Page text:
Read the summary project proposal
2018 Progress Update:
Results assess the impact of extreme storm and wave events in different types of Southern California estuaries. The study has maintained long term measurements of water level, current velocity, stratification, dissolved oxygen, stream flow, waves, and drone footage, and researchers have drafted a paper comparing results from multiple estuaries. Analysis so far suggests that estuaries that have structures (jetties, groins, etc.) tended to remain open and experience less sediment accretion and less exacerbated high water levels than estuaries without structures (which also tend to have more marsh habitat). However, structures enhanced erosion of the adjacent beaches. Analysis also shows that a single storm event lasting 1-2 days can result in large-scale sediment changes and alter lagoon circulation for weeks. Further analysis and collaboration with coastal mangers will occur in the final year of this study and will help managers better predict the response of estuaries to climate change impacts and adopt coastal resiliency programs to reduce damage in the future.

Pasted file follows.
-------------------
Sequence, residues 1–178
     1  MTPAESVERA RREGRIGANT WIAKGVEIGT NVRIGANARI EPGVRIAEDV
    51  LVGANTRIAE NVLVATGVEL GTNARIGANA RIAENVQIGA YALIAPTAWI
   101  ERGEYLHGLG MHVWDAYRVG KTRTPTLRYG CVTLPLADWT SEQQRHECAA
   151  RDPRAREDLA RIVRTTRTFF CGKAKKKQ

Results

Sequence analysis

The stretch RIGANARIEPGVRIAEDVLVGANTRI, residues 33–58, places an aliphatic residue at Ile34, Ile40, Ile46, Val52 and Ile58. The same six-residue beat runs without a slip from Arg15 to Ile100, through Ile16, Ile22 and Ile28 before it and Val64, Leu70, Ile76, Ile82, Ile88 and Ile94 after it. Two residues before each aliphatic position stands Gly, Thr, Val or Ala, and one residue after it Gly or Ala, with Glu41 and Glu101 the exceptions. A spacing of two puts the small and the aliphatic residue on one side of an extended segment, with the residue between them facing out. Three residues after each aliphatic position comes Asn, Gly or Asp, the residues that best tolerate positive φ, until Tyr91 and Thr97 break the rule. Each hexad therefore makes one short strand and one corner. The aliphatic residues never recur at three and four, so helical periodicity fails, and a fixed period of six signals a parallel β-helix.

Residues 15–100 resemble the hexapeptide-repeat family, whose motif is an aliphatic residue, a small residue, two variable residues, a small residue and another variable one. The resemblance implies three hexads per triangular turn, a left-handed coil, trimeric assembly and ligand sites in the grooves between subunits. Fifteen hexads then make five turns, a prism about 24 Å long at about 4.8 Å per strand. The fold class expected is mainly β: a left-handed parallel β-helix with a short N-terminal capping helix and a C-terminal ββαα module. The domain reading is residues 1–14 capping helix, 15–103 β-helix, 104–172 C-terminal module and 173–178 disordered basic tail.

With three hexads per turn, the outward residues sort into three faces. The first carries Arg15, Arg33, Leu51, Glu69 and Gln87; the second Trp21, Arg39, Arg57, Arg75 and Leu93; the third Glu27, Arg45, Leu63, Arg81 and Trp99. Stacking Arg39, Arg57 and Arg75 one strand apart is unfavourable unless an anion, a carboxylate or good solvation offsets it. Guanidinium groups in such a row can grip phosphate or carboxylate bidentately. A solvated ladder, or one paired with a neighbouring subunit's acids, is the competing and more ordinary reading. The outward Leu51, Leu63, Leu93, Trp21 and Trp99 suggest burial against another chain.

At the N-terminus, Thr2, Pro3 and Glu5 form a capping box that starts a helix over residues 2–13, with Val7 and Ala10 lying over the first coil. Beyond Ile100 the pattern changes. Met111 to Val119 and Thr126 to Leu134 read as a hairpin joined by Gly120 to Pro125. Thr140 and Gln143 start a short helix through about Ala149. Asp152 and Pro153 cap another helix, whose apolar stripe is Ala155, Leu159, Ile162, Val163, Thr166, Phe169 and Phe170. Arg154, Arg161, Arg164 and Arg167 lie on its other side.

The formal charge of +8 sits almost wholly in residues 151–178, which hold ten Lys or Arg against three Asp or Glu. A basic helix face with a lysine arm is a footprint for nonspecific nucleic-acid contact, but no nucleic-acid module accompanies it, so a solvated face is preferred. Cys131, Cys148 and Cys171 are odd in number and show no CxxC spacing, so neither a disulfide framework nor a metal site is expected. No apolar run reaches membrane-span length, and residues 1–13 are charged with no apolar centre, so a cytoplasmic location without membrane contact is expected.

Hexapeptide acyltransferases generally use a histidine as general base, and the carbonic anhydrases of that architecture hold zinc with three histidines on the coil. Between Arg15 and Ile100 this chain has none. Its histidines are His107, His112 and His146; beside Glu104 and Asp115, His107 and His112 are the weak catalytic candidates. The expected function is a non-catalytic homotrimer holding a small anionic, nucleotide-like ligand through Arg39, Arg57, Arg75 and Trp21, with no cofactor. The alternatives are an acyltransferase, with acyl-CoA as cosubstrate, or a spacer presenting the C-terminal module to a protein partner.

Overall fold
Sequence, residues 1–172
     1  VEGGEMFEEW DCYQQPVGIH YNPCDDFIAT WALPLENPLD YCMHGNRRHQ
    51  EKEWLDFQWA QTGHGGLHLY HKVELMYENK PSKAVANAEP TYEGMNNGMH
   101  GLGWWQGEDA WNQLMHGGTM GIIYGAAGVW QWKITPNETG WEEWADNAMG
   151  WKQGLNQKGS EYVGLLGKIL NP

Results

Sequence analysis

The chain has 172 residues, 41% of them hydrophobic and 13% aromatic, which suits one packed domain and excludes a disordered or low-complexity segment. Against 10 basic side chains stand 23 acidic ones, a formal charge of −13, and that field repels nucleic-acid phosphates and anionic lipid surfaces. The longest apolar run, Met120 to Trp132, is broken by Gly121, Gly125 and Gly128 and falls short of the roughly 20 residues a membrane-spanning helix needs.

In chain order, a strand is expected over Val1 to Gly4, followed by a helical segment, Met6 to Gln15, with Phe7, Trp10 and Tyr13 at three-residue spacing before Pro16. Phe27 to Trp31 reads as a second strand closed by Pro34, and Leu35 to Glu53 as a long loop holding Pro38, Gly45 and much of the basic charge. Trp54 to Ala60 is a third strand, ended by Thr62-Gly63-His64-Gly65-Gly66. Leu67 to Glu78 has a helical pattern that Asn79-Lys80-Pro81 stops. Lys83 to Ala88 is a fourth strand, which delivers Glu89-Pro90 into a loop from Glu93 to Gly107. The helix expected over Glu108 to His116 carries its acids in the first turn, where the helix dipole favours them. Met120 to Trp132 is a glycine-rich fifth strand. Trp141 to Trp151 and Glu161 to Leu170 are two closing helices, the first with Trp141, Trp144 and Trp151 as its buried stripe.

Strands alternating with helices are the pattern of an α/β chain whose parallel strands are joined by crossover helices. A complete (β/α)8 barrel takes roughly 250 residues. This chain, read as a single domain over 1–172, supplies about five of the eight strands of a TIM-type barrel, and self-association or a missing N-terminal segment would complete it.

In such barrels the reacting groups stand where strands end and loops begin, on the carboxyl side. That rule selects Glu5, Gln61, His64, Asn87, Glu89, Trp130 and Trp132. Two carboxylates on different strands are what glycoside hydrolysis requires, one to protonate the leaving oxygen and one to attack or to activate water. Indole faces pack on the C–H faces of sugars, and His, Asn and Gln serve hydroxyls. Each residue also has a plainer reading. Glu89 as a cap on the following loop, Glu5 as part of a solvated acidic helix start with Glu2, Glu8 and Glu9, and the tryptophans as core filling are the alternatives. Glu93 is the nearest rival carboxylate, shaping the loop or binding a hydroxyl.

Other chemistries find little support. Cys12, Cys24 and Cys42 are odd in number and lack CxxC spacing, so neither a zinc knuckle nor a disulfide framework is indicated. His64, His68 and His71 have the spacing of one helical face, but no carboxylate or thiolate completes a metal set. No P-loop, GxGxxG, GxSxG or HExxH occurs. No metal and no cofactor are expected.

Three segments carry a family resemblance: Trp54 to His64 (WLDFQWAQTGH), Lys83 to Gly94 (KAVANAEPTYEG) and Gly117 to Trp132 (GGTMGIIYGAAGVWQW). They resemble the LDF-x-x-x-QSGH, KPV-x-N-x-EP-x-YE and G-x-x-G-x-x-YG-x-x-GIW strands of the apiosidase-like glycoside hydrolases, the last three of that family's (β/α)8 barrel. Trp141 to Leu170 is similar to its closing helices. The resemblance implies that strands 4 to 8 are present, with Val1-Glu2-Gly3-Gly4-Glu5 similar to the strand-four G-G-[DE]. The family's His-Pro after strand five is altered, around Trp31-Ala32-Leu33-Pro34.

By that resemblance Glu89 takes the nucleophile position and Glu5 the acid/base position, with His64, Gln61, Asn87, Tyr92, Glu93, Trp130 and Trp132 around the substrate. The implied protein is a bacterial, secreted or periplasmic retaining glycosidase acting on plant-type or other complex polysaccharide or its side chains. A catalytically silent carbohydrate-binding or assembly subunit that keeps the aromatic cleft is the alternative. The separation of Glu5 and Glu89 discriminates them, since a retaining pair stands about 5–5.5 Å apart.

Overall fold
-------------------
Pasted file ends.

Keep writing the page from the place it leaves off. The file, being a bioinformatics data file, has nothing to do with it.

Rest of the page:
2017 Progress Update:
Analysis is underway. Our intensive measurements during the winter 2015-2016 El Niño season clearly document the importance of both wave-current interactions and morphology (sill height) on sediment transport during high water level events. In particular we find that infragravity waves dominate incoming wave energy in the lagoon and are modulated by the water height relative to the sill and the strength of the currents at the mouth. When water levels are above the sill and the tide is flowing into the estuary, infragravity waves can propagate significantly far into the inlet and move sediment. This is an important contribution to the field as it narrows in the physical processes that can drive sediment transport and thus morphodynamic responses in these types of estuaries. The goal of making predictions about the response of these estuaries to future conditions is ongoing.
Project photos courtesy of Sarah Giddings Lab
Los Peñasquitos Lagoon -